When we run our screens, we like to see a company that has the ability to grow its earnings per share to approximately 20% and then a return on equity that is increasing over time. It doesn’t make too much of a difference where the actual ROE number is, as long as we see a relatively clear path that it’s moving up. And in the end, what we want from the screens is to find the incremental five or 10 names arising that are new to us, allowing us to start doing some due diligence work.
We meet with at least 250 companies during the course of a year. We are always looking for companies that are doing something that is new, unique, and different. It always goes back to the products or services they are offering in the marketplace.
There are also particular catalysts that we think will evolve in the next 12 to 24 months, which will take the company’s revenues and earnings to a somewhat higher level than the consensus is thinking about it today. Our job as analysts is to try to understand what those new products and services are going to be, understand how they fit competitively in the global market, and assess the company’s ability to take the idea and transform it into real sales.
We also identify growth themes in the marketplace. This is where we are trying to formulate potential trends that we believe can drive investment opportunities over a three- to five-year investment period. These can be demographic, industry-specific, or somehow tied to a secular change in an industry.
One that comes to mind is healthcare and the changes that are occurring, and will continue to arise, under the Affordable Care Act. This will most likely change how healthcare is delivered in the United States. The rules and regulations are still evolving but it’s an area of interest for the portfolio as we decide what companies are going to be the winners and the losers under this policy.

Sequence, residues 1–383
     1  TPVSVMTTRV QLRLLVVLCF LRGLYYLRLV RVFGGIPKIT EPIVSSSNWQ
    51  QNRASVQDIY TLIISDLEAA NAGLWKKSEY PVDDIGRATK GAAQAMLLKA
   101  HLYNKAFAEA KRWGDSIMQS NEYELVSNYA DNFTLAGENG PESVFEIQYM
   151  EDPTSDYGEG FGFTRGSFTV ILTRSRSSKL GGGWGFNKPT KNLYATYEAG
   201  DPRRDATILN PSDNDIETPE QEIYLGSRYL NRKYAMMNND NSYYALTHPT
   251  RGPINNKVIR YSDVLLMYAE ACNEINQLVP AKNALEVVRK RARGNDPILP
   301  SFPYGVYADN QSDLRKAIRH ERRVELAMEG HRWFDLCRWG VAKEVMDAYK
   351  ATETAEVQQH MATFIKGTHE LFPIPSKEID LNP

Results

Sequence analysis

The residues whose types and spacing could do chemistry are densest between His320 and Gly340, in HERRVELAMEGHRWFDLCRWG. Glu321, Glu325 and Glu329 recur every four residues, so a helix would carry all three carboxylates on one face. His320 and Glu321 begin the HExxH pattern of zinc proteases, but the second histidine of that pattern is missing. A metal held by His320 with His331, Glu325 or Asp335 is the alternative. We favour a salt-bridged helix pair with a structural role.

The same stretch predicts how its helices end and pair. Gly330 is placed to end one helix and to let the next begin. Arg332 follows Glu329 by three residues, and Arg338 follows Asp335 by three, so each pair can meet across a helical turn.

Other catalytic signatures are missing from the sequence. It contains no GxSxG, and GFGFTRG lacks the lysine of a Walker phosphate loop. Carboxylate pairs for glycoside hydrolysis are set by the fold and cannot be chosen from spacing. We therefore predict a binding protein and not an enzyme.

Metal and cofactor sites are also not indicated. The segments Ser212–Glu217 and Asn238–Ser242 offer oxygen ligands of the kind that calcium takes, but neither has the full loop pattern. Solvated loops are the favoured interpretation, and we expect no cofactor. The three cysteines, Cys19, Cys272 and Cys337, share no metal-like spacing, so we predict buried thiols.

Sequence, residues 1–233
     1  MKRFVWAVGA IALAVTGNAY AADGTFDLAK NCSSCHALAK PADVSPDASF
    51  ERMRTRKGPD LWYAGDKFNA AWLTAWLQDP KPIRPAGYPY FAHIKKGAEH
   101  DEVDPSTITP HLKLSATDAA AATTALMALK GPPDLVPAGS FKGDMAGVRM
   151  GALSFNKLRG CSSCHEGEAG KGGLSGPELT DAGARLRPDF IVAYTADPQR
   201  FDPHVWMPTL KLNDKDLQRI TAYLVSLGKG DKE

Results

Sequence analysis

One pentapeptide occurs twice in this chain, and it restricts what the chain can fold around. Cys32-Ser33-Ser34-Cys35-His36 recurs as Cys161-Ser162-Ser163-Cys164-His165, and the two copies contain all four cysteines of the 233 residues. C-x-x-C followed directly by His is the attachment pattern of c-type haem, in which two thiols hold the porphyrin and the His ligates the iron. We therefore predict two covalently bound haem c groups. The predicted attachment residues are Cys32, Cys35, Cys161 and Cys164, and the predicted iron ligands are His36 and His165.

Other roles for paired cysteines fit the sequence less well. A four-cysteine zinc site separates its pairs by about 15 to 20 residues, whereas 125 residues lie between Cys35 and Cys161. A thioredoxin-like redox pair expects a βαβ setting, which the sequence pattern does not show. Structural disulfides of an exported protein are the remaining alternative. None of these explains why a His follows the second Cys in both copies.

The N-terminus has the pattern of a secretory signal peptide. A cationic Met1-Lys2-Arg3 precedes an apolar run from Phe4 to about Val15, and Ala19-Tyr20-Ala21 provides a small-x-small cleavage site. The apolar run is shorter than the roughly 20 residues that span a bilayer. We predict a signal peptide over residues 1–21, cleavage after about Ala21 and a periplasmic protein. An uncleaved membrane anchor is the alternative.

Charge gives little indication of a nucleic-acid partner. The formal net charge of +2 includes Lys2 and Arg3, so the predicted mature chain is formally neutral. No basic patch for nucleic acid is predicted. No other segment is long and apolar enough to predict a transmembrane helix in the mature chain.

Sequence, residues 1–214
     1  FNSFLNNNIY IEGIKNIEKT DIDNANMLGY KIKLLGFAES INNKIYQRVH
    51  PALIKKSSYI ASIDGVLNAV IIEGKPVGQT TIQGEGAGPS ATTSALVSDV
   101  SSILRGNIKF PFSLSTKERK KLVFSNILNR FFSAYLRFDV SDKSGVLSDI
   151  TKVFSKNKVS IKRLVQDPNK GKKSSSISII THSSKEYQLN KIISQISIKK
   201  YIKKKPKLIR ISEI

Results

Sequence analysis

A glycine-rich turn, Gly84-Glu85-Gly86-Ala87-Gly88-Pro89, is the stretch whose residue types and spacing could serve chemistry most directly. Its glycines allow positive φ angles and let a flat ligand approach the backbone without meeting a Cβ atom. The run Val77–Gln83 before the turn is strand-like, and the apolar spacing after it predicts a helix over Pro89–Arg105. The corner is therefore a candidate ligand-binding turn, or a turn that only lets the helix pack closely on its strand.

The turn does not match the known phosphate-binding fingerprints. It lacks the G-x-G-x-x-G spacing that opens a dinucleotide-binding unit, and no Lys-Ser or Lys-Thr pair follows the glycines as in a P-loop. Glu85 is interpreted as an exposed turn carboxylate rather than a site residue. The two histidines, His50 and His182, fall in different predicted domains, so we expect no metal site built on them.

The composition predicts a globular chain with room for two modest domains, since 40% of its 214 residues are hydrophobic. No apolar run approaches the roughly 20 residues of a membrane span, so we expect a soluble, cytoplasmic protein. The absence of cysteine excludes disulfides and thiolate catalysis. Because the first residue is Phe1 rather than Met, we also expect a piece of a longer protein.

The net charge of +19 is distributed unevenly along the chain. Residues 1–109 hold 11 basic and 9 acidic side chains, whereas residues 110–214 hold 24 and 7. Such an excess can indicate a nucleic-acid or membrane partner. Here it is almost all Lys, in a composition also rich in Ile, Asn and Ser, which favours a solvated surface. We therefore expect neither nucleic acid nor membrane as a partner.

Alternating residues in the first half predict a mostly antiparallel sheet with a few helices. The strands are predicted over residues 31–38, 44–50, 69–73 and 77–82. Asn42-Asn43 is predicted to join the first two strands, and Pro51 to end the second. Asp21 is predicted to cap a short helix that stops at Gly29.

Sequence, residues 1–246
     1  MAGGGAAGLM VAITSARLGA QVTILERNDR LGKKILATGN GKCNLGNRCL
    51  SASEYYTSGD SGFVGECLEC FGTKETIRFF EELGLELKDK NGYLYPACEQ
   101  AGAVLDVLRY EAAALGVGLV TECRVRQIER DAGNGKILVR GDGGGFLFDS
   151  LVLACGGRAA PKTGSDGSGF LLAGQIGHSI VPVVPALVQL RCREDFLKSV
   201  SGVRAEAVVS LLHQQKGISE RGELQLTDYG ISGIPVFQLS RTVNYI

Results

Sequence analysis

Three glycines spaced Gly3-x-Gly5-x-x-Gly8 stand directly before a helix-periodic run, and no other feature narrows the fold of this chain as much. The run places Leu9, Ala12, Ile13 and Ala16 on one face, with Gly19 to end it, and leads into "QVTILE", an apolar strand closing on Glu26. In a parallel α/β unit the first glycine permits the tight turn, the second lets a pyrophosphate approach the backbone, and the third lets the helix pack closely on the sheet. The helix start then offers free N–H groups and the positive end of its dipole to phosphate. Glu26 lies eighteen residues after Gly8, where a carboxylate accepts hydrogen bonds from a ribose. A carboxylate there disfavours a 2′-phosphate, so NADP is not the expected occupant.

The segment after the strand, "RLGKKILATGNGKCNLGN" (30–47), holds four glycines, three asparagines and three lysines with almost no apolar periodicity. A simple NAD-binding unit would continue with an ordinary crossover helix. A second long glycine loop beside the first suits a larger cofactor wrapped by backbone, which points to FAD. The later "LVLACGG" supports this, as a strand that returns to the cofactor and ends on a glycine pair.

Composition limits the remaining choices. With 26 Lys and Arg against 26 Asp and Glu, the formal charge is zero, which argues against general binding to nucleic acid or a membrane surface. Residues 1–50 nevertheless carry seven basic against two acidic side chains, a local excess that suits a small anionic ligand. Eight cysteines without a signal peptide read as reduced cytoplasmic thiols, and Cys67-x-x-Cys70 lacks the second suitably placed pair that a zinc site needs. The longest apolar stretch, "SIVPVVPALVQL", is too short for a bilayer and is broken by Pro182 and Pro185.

If all the research processes check out and we think the stock has the potential to appreciate 20%, it is a buyable stock for the portfolio. We usually start with a 50 basis point position. We monitor the company over time and if the fundamentals meet all the performance metrics we have, we just keep adding to that position in the portfolio over time.
Q: What is your research process?
A : We have owned Fastenal Company for a number of years. I think about Fastenal as partly a distribution firm, partly a retail sales company and partly a logistics provider.
Originally the company provided fasteners to manufacturing companies, but over the years the company has evolved into a multi-faceted, omni-channel distributor of all kinds of products to primarily the manufacturing sector in the United States.